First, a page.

- Scott Elmquist
- Fried cauliflower at Cous Cous is among the small plates on a new, sharable menu.
It may no longer be the latest thing, but Cous Cous is a sexy place. Found on the first floor of the Chesterfield Apartments on Virginia Commonwealth University's campus, the restaurant's red and black décor is handsome and exotic. Gold and red curtains soften the windows. The large bar and the curvy benches give substance and a casual, comfortable vibe to the cavernous dining room. Service is efficient, informative and attentive without being overbearing, making Cous Cous a longtime favorite for students and Fan dwellers.
To mark its sixth anniversary, Cous Cous has rolled out a new menu that chef Jacob Goff has worked on since donning the top toque in April. Several classics remain, but the menu now offers more small plates for sharing. Lunch has more bocadillos, or sandwiches. The bar list is equally extensive and the drink choices ample, as wide-ranging as Pabst Blue Ribbon and Hardywood Park beers, dark and stormy and Marrakesh mule cocktails, albarino and malbec wines, and Coke and cucumber lemonade drinks.
Cous cous, the semolina dish, is a staple in North African countries such as Morocco, Algeria and Libya. But the menu at Cous Cous restaurant hails from the Mediterranean region. Greek, Spanish and Moroccan dishes are fused with American touches, and the results are all over the map.
Green fields of fungi ($6.50) is a standout salad. While the greens are dressed in an unremarkable pepper dressing, the mushrooms are perfectly caramelized and judiciously salted to savory. Gorgonzola enhances the mushrooms' flavor. I'm happy to see pignoli, Italian pine nuts, being used rather than the common but bitter Chinese pine nuts, although a little toasting would give the nuts richer flavor.
The harira soup ($4/$5.95), a Moroccan classic of hearty tomato, lamb and lentils, disappointingly tastes like a weak minestrone devoid of the braised lamb and wild rice promised on the menu. To compensate, we order the lamb tagine ($10.95). Presented in an adorable small earthenware bowl, the braised lamb is tender and flavorful. Strips of onions, bell peppers and diced tomatoes round out the dish, though I wish the Moroccan spices weren't so faint.
In a place called Cous Cous, I'm compelled to order the namesake. Among the three versions, we settle on the Moroccan ($3), advertising chopped vegetables seasoned with Moroccan spices. Alas, no vegetables are visible beyond the requisite onions and diced peppers necessary to produce a semiflavorful broth to cook the cous cous. For $3, I expect turmeric to be used to color the cous cous yellow, so the absence of saffron is fine. But when the menu says Moroccan spices, I want to taste more seasonings than salt and pepper. The Mediterranean cous cous that comes with the lamb tagine suffers from the same predicament, but the briny feta and kalamata olives make its blandness less noticeable.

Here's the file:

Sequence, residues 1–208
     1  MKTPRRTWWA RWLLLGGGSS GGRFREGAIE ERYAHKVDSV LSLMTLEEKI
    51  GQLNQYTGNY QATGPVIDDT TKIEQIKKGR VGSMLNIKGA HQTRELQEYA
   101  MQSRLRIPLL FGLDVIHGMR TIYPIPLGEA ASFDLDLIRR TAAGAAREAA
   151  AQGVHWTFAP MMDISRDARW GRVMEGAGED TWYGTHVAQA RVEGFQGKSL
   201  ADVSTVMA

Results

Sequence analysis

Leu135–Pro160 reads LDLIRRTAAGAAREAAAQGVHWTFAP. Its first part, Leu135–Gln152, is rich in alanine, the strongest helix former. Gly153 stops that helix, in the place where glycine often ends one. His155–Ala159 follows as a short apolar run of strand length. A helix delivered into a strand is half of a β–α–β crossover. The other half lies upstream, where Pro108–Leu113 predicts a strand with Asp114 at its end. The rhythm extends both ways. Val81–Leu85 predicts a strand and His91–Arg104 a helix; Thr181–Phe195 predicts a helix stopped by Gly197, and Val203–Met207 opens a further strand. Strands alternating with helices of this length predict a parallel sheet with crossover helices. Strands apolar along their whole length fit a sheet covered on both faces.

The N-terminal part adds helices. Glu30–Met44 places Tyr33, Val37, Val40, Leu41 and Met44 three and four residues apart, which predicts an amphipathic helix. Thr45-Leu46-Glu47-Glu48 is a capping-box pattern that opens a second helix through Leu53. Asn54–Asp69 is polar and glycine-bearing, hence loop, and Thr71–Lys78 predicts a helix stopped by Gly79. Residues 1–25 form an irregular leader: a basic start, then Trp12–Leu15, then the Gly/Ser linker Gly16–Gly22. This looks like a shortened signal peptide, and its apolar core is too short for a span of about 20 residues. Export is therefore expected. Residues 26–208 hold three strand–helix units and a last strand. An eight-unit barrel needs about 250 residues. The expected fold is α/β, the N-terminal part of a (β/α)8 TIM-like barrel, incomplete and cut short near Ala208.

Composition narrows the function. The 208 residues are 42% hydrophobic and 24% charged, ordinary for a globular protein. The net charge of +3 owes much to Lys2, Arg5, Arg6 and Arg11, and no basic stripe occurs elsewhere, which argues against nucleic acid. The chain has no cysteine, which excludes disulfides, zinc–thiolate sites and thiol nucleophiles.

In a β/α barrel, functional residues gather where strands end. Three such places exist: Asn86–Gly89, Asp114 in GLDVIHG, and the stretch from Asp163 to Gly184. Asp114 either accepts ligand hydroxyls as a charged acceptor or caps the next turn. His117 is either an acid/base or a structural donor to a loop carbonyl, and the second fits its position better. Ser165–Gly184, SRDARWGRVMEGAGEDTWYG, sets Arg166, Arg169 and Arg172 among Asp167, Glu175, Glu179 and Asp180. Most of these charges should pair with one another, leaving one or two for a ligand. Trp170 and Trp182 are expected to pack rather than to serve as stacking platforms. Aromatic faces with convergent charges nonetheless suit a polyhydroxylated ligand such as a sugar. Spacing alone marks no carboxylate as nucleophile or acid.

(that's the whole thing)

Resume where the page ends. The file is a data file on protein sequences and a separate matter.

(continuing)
Other dishes hold more promise. Eggplant roulade ($5.95), stuffed with creamy ricotta and feta, contrasts nicely with still-crunchy sautéed onions and peppers. Dried cherries seem to replace the promised apricots, but along with currants, the fruit accents the dish beautifully. The tomato sauce is light with enough tang and the pine nuts are nice — although, again, I'm a believer in toasting nuts to bring out their flavor.
Wilted spinach ($6.50) with pine nuts, apples and currants is tasty. Fried cauliflower ($5.95) atop julienned veggies, pistachios, dried cherries and gorgonzola mousse is beautiful and delicious, even if the preserved lemon vinaigrette is too subtle and the excessive dried cherries too sweet.
I'm smitten by the fried manchego tots ($7.95). For those of you who devour Sticky Rice's bucket of tots, you must order these cheesy ones. Don't expect a bucket, but six pieces are plenty for such rich morsels. Crunchy panko coating reveals melted, tangy cheese, and the accompanying honey and fig jam are just right with the piquant sheep's milk cheese.
For dessert, we share the panna cotta ($6). The custard is firm, not soft and quivering. It stands up to the pecan crunch and sweet, tangy, currant-strawberry-balsamic compote, making a nice treat to end dinner.
Cous Cous doesn't intend to be an authentic Moroccan restaurant, as is evident from the eclectic menu, but it is Moroccan at heart. Most of the dishes already have good foundations, but some lack determination. An extra inch of ginger, a stick of cinnamon, a few cloves or a handful of mint will place Cous Cous firmly in Mediterranean territory. S
900 W. Franklin St.
Monday-Friday 11:30 a.m.-2 a.m.
Saturday 5 p.m.- 2 a.m.